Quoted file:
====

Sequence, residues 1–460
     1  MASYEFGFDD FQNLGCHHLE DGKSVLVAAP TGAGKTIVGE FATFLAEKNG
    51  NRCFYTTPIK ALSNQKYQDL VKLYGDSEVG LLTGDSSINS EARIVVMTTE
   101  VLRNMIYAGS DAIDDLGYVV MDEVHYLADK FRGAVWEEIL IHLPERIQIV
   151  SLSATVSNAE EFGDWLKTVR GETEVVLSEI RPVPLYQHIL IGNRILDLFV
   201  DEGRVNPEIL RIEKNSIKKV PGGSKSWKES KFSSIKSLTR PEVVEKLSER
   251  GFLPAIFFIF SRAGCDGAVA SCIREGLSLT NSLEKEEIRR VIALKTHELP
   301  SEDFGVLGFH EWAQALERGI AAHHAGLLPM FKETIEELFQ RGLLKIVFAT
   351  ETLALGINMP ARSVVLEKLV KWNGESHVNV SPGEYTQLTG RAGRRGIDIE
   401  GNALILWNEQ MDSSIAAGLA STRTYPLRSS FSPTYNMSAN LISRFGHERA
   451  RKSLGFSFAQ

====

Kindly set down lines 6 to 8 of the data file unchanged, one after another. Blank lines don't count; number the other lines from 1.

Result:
   201  DEGRVNPEIL RIEKNSIKKV PGGSKSWKES KFSSIKSLTR PEVVEKLSER
   251  GFLPAIFFIF SRAGCDGAVA SCIREGLSLT NSLEKEEIRR VIALKTHELP
   301  SEDFGVLGFH EWAQALERGI AAHHAGLLPM FKETIEELFQ RGLLKIVFAT